The up-coming vote on the EU Withdrawal Bill gives you the chance to support the Brexit that is best for workers, jobs and living standards that Labour has been promising since the referendum. On Tuesday and Wednesday you will have a chance to safeguard the employment and environmental rights that have been protected by the EU. This is a test for Labour and for your leadership. We need you to work with those from other parties who also recognise the dangers. It would be fatally damaging to the Labour Party if it is seen to be doing anything to support the Conservatives’ hard Brexit.

[To MPs of all colours]

I would therefore draw your attention in particular to the following amendments:

Support amendment 1 to retain membership of the customs union

The first and most important reason why we need to be in the customs union is to protect our industry. As I’m sure you are aware, the CBI has made a strong case for our continued membership, with Carolyn Fairbairn making the case that such a relationship is a ‘practical, real-world answer’ that is best for jobs, wages and living standards after the transition period ends. The purpose of a customs union is to remove tariffs between countries and so cut administrative burdens as goods move across borders, which is why the CBI is so supportive.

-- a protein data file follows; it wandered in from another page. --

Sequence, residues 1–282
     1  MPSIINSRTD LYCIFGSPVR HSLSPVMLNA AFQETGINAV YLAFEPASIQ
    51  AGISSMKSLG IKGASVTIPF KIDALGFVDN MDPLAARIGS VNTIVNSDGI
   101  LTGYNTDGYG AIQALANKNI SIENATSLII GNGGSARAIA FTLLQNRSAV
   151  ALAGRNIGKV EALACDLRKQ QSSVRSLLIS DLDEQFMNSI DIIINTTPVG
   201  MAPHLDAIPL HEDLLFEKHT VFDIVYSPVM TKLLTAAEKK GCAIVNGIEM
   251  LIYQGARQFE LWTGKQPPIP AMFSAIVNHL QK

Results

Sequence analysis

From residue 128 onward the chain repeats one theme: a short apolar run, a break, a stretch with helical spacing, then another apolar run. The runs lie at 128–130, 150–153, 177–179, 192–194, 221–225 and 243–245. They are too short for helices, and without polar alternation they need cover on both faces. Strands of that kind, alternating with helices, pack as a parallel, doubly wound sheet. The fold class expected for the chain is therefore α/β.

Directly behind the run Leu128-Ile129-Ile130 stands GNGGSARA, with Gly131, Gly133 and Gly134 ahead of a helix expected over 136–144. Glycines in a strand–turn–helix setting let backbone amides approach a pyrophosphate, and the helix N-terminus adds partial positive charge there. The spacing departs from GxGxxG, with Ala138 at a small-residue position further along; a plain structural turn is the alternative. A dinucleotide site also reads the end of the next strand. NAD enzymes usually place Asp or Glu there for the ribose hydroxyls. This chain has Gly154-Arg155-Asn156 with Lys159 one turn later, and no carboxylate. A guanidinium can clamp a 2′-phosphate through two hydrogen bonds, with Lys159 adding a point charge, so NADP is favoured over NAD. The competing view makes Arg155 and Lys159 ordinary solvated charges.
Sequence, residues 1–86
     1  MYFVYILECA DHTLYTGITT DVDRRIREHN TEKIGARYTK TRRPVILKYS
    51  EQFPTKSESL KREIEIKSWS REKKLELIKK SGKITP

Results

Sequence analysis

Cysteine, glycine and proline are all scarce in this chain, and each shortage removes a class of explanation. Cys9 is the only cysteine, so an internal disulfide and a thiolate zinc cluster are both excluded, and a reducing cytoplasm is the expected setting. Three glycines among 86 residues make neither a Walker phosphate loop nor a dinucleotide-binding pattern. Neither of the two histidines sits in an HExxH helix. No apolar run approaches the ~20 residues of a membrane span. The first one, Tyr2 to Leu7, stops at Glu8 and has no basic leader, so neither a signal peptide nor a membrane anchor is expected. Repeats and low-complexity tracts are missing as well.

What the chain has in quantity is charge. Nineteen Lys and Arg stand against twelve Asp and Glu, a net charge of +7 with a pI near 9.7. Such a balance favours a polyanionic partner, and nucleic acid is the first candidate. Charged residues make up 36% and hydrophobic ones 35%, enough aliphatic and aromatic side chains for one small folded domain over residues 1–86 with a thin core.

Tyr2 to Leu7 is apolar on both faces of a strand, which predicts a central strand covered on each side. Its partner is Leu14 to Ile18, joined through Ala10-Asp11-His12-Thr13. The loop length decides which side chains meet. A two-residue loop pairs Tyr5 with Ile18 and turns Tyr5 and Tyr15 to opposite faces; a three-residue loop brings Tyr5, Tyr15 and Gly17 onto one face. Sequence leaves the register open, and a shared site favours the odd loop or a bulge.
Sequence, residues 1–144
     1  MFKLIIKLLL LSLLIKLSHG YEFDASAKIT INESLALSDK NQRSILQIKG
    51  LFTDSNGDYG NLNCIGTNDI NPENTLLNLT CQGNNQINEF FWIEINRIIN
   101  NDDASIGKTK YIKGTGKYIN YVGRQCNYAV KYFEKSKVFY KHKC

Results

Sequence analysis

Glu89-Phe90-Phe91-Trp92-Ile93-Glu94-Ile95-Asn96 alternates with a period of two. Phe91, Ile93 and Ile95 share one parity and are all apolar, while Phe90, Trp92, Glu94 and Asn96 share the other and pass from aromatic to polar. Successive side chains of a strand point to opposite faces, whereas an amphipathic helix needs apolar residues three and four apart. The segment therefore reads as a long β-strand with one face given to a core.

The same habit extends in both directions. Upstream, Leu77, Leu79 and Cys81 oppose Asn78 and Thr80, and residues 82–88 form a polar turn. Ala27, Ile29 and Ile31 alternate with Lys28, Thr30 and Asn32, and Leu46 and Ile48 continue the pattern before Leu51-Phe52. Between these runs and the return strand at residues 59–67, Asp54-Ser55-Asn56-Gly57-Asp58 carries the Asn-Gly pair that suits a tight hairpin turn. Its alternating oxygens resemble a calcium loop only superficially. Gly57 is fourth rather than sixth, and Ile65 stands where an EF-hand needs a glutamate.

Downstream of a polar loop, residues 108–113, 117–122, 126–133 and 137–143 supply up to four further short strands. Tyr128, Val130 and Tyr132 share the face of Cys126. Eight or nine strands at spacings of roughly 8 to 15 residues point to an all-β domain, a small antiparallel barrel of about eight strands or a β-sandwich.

The delays that manufacturers would face if we were outside the customs union would threaten the existence of large employers like Honda, in Swindon, who rely on just-in-time production techniques. Indeed, we know that such companies are now seeking parts suppliers outside the UK, threatening British jobs.

The customs union is also vital for the many food and farming businesses that our economy in the South West depends on. Food producers who rely on rapid transport – as revealed recently for shellfish – will also suffer.